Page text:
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MathGroup Archive 2006

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RE: partials of Sum[x[i]^2, {i,1,n}] (e.g.)

  • To: mathgroup at smc.vnet.net
  • Subject: [mg69572] RE: [mg69520] partials of Sum[x[i]^2, {i,1,n}] (e.g.)
  • From: "David Park" <djmp at earthlink.net>
  • Date: Fri, 15 Sep 2006 06:47:45 -0400 (EDT)

I tried to respond privately to your email address and even after jumping
through all the hoops it was still incorrect.

David Park
djmp at earthlink.net
http://home.earthlink.net/~djmp/

From: kj [mailto:socyl at 987jk.com.invalid]
To: mathgroup at smc.vnet.net


In symbolic manipulations, one often needs to leave some of the
limits of an expression in symbolic form.  E.g. the n in:

  f[x[1],...,x[n]] = Sum[x[i]^2, {i, 1, n}],

(where I've used Mathematica notation loosely).

Then one often finds derivations like

  D[f[x[1],...,x[n]], x[k]] = 2 x[k], for all k in { 1,..., n }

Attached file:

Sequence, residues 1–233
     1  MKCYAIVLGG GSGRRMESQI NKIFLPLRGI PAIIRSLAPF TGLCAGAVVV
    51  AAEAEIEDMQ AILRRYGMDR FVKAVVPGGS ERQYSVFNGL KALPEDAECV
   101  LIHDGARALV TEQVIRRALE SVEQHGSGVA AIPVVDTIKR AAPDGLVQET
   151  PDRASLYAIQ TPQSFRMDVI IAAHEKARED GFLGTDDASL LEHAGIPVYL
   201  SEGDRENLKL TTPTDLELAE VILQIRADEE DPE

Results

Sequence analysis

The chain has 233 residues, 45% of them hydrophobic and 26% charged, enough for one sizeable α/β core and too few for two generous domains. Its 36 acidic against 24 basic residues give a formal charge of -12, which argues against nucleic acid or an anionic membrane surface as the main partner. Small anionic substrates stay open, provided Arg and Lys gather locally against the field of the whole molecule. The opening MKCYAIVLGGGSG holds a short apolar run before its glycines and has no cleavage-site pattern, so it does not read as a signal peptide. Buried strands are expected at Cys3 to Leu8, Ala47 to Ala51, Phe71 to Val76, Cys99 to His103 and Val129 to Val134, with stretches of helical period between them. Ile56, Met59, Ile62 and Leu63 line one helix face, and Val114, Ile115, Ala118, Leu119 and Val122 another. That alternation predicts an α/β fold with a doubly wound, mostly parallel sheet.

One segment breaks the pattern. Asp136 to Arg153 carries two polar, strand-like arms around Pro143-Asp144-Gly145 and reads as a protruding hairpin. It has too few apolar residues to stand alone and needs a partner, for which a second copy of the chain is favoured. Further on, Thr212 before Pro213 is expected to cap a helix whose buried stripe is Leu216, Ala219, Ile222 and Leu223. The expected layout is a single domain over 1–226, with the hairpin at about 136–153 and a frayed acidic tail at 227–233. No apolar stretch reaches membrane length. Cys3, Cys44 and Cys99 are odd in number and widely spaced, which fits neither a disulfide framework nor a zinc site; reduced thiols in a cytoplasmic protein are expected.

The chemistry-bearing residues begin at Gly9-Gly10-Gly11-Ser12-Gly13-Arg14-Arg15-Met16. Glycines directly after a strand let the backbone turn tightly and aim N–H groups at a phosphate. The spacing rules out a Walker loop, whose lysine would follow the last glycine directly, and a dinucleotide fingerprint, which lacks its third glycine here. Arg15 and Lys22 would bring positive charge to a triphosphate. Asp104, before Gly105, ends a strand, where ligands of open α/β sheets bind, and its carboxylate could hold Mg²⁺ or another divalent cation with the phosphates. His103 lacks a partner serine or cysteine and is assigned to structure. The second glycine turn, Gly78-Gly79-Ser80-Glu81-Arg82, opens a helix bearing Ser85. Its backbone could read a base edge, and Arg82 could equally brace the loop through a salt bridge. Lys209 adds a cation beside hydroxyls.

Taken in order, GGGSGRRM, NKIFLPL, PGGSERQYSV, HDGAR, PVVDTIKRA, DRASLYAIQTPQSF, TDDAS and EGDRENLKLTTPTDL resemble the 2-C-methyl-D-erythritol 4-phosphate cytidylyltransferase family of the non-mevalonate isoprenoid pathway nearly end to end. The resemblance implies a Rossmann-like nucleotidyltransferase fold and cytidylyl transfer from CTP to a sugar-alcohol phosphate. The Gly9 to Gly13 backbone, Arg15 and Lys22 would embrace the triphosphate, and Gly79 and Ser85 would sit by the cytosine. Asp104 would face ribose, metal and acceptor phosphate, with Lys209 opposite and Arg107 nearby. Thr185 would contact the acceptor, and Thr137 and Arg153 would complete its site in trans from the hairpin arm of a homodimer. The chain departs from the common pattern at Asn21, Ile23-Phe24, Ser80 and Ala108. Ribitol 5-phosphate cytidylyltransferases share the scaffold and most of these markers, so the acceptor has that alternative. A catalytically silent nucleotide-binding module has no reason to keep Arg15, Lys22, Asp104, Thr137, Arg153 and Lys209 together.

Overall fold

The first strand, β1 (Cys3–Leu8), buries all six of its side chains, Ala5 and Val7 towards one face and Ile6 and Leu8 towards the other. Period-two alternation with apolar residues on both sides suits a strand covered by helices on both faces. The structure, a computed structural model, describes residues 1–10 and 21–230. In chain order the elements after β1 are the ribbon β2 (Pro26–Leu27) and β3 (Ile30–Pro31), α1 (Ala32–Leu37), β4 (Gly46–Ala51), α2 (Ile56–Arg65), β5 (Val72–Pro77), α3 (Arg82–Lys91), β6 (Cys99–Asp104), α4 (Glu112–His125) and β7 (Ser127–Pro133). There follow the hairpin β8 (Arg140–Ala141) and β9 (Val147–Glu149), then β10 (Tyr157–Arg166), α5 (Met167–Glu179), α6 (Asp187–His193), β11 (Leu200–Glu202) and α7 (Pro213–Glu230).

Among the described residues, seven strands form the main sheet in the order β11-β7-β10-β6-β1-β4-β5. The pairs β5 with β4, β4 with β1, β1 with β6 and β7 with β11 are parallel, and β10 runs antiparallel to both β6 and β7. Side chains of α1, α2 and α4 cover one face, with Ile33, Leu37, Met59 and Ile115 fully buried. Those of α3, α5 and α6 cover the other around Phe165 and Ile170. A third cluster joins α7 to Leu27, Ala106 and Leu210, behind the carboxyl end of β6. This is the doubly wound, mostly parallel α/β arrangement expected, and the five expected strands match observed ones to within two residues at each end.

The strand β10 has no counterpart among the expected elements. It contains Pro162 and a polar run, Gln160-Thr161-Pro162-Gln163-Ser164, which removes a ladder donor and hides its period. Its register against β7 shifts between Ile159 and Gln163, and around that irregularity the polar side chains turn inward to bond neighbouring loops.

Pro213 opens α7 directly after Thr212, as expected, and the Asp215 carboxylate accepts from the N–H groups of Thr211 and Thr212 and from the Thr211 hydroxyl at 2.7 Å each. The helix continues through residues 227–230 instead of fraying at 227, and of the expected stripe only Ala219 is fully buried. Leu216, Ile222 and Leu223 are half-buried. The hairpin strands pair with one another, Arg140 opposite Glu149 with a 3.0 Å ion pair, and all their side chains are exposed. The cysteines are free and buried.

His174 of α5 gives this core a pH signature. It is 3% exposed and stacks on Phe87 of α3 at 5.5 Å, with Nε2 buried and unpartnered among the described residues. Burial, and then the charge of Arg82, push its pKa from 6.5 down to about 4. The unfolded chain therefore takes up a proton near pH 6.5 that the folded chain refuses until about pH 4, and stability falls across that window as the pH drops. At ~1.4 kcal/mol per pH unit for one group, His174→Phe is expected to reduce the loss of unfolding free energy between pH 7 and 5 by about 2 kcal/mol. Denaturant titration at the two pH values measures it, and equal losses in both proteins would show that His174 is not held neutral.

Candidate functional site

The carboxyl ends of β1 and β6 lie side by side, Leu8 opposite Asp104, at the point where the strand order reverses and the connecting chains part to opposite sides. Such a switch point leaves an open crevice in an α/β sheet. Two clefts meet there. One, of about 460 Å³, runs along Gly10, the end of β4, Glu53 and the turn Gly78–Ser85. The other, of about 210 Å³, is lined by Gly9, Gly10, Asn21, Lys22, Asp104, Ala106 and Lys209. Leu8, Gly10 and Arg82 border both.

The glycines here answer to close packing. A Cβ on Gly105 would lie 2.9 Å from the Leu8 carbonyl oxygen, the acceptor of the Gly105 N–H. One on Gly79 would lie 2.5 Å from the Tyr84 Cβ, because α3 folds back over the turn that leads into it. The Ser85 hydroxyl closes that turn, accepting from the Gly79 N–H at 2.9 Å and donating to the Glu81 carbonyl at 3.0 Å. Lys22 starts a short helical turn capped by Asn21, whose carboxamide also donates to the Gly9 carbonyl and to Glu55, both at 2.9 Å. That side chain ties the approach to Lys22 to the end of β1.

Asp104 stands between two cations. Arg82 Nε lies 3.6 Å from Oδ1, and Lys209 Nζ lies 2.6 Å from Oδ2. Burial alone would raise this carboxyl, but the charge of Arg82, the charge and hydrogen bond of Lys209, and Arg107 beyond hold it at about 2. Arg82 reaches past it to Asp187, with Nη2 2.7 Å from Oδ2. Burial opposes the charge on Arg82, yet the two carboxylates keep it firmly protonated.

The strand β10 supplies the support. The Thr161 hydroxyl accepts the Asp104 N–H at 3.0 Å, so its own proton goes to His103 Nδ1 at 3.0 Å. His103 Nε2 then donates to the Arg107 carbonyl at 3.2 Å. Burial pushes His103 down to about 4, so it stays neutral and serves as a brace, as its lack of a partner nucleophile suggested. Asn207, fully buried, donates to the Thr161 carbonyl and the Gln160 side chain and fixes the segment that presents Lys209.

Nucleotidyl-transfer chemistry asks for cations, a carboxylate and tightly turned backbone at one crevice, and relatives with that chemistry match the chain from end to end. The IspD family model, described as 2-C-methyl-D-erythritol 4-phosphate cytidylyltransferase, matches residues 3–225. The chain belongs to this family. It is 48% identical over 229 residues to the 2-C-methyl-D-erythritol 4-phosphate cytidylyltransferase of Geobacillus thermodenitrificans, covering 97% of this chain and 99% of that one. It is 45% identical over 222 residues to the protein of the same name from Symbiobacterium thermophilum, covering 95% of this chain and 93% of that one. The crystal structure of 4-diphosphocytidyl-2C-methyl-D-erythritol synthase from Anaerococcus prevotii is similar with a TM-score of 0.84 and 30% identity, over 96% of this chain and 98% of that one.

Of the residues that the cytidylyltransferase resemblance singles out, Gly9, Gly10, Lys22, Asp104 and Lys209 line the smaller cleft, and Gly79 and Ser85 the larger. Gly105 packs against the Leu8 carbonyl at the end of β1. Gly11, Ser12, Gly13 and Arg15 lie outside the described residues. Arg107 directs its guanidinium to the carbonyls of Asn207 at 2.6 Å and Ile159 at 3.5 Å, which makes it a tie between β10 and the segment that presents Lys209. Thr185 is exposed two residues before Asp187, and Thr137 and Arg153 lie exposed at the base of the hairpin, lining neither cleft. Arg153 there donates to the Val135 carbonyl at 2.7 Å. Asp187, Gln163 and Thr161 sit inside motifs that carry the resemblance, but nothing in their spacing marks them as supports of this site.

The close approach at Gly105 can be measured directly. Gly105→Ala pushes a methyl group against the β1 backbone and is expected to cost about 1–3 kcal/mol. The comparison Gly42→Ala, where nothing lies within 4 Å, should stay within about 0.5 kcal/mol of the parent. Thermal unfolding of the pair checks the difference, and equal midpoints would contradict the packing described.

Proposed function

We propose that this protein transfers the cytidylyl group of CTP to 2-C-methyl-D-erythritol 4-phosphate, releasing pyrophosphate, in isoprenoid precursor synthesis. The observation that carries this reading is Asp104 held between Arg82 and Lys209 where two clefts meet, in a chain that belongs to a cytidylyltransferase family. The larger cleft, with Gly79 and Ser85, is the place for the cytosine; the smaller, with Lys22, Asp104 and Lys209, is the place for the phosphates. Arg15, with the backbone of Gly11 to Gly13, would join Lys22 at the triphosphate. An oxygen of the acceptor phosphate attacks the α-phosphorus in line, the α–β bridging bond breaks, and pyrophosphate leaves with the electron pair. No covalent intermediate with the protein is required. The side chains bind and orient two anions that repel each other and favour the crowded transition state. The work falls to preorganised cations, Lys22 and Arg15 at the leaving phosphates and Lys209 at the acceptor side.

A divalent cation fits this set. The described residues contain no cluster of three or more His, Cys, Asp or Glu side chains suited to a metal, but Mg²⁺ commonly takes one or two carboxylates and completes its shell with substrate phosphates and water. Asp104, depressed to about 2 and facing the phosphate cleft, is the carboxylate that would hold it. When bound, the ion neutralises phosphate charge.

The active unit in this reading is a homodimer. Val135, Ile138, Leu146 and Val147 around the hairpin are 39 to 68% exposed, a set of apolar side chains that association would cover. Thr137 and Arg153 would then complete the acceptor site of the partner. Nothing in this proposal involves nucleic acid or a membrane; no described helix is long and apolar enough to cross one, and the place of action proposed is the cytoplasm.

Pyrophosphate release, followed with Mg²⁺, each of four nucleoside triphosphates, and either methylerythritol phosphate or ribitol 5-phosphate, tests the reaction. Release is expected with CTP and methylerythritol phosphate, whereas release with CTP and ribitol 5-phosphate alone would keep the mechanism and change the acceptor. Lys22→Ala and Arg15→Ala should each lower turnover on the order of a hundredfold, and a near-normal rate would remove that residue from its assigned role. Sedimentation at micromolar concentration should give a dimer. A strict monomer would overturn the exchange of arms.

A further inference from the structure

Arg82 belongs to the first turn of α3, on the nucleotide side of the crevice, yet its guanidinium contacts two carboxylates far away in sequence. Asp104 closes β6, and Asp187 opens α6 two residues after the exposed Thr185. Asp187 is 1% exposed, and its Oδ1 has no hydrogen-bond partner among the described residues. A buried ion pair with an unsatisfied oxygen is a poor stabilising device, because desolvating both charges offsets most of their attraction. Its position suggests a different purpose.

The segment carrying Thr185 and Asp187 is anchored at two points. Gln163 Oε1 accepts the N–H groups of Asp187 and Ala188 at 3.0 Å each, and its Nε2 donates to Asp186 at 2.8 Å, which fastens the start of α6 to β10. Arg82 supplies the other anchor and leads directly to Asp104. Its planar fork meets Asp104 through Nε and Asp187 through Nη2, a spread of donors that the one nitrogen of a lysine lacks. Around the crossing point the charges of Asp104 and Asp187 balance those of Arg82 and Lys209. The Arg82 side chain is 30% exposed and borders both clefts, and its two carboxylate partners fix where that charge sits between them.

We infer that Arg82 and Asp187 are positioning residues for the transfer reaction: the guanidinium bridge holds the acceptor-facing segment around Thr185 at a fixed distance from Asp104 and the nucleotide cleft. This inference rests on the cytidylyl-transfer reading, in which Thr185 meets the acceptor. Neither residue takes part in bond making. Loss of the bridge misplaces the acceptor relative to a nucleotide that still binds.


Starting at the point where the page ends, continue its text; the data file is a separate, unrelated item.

Is it possible to do something like this in Mathematica?

More generally, can Mathematica fully understand expressions with
symbolic limits?

Basically, I have a slightly hairier expression that I want to take
the partials of, set them all equal to zero to produce a system of
n equations.  If that weren't enough, I'd like to solve this system
of n equations using Mathematica.  This kind of manipulation is
far more difficult, as far as symbolic math goes, than anything
I've seen Mathematica do yet, because it requires Mathematica to
understand the notion of an array with a "symbolic cardinality",
but I thought I'd ask.

Thanks!

kj
--
NOTE: In my address everything before the first period is backwards;
and the last period, and everything after it, should be discarded.



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